Review

Riding on the crest of the popularity of retro-style games making their way to the iOS, developer Nguyen Quoc Nam Tran released Space Max – An Amazing Adventure into Galaxy. With a tagline that goes, “You like fun, you want frustration, you want challenges, you sure want SPACE MAX,” hardcore retro gamer fans would surely love to get a crack at this game. But once they do, the love affair ends there.

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Living true to its tagline, this game itself is frustratingly challenging. With a ship that is modeled after Star Trek’s USS Enterprise (whose IP rights, I hope they were able to settle before releasing this game), you would expect it to handle as nimbly as this legendary spacecraft. Unfortunately, it’s not. A name like Space Max means your spacecraft is always travelling at maximum speed, probably at warp speed too. To slow down, you have to keep your finger on the screen and keep it there while tilting your gadget left and right to maneuver through the different obstacles on your path. This makes you feel like the character Tommy Webber in the movie Galaxy Quest who was asked to pilot a real version of the NSEA Protector, which he never got to do because he was only a sci-fi actor in the film and not an actual pilot.

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Like Tommy Webber though, you will eventually get the hang of controlling the ship. Every time you crash and respawn, you will eventually get the hang of having to stop your ship from zooming to the top of the screen. Just like old school retro games, there is no way to calibrate the game to allow you to adjust the controls. You just have to learn to cope with what you’ve got and maneuver through an ever increasing level of difficulty.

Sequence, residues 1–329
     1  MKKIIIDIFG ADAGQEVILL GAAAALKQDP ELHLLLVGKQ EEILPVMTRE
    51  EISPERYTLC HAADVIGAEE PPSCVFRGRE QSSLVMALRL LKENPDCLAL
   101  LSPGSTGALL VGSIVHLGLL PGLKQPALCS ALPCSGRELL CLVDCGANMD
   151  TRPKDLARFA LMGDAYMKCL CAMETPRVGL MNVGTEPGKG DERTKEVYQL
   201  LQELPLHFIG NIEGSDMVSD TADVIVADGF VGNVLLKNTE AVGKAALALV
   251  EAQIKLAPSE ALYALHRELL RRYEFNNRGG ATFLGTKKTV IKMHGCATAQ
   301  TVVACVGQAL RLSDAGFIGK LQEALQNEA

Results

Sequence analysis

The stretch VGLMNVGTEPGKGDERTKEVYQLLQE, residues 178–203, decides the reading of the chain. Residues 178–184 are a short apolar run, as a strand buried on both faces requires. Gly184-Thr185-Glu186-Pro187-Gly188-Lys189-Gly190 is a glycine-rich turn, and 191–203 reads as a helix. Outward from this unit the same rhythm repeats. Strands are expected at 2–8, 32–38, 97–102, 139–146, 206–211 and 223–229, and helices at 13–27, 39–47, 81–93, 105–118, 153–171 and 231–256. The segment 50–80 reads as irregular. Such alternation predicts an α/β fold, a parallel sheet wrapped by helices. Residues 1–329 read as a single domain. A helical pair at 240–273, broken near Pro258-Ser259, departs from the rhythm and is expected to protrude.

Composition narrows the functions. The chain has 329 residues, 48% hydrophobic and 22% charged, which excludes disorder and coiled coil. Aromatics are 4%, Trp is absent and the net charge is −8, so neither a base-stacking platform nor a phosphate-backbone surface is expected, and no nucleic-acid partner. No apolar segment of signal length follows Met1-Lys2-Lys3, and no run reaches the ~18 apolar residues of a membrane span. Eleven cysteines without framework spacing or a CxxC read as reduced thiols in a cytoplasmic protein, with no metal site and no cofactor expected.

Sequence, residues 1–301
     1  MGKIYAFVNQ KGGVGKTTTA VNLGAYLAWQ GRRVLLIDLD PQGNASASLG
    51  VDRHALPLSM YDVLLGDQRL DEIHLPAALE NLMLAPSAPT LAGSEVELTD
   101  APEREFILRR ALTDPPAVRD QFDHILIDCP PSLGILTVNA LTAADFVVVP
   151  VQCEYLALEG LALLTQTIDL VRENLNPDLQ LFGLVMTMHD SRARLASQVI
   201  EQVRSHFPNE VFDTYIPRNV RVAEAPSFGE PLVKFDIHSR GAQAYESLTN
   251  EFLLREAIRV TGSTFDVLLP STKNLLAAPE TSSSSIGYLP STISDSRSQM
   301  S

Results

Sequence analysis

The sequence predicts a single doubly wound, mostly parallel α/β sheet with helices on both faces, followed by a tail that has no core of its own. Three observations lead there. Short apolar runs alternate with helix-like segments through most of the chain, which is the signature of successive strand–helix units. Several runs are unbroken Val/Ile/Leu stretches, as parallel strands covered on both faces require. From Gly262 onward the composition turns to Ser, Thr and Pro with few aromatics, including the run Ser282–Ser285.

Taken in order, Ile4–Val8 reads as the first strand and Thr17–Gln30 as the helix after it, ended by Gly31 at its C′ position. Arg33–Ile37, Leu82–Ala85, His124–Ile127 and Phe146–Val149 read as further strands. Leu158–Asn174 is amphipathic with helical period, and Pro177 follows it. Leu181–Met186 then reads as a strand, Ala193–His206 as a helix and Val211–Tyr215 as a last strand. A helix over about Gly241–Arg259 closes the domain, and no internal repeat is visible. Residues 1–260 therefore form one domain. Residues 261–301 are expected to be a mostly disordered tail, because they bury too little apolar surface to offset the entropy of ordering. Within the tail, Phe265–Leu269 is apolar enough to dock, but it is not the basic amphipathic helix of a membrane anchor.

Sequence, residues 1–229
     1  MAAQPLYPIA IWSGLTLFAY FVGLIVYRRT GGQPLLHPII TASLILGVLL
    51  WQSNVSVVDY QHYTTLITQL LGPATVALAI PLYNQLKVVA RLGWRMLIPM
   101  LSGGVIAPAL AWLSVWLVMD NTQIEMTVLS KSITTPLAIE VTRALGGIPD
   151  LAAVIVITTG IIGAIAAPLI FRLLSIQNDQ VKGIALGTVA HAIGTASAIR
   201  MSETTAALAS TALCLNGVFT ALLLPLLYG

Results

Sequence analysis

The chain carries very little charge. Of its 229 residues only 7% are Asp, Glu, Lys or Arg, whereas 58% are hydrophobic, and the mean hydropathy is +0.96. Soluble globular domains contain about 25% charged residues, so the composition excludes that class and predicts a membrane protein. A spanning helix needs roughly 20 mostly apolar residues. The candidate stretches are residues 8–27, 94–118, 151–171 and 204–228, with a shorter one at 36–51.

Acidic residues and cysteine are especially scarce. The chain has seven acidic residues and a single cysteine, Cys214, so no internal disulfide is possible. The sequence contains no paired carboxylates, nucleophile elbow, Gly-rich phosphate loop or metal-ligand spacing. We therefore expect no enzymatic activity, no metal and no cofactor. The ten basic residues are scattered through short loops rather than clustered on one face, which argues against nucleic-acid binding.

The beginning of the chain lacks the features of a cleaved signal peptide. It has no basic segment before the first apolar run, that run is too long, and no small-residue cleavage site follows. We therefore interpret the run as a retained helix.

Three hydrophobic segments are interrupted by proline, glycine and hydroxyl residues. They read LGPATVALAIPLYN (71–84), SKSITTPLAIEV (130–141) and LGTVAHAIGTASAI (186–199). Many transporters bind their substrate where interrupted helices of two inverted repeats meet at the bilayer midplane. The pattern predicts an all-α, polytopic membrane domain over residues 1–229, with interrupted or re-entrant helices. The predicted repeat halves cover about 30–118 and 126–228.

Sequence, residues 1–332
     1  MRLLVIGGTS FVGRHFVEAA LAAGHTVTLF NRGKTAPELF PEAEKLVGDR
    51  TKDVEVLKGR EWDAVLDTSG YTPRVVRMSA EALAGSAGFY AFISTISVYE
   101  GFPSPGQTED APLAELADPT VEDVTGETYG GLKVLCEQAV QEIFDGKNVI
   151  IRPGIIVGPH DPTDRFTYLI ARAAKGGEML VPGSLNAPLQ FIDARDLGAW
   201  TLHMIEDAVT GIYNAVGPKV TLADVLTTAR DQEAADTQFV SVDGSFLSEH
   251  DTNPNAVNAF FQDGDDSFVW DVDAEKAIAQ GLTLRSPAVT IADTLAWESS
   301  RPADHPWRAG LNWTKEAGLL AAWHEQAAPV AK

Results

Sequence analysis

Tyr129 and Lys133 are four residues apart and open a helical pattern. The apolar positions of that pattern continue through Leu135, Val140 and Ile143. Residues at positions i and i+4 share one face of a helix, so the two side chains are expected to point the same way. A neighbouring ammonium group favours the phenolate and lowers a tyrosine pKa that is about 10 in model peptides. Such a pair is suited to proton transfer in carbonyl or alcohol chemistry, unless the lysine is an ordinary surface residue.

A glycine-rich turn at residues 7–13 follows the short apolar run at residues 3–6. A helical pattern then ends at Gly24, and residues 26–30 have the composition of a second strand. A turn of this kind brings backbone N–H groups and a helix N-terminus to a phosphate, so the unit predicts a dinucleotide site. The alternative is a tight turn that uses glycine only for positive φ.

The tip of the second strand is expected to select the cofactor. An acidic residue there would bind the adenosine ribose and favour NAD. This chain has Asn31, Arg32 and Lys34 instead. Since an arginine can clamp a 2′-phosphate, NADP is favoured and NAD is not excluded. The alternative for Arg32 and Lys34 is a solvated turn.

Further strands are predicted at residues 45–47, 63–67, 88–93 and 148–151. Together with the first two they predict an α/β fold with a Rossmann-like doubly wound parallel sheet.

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Some of those who’ve taken a shot at playing this game have found it to be amusing and entertaining. Others even claim that the game brings some sense of nostalgia and makes them remember their 90’s gaming days. Unfortunately, this game didn’t have that feel for me. I had gone through my fair share of vertical scrolling games and this didn’t do it for me. Tilting my iPhone to maneuver the ship did not have the same accuracy feel as that of a game pad controller. I admit that the game pad felt stiff and made maneuvering more challenging. But that is where the fun was. It wasn’t about finesse; it was about wrangling your ship around obstacles. And that, for me, is what brings out the retro feel.

Overall, the game is playable and can, as one customer put it, be “a good one for killing some time during TV commercial breaks.” But whether it lives up to the hype of a retro-type game created by another Nguyen (the 2013 hit game, Flappy Bird created by Nguyen Ha Dong), I wouldn’t hold my breath on it. Also, rating one’s achievement with rankings like Star Chicken to Star Lord, this game is looking at possible IP infringement lawsuits from entertainment outfits who would like to keep their dignity intact.

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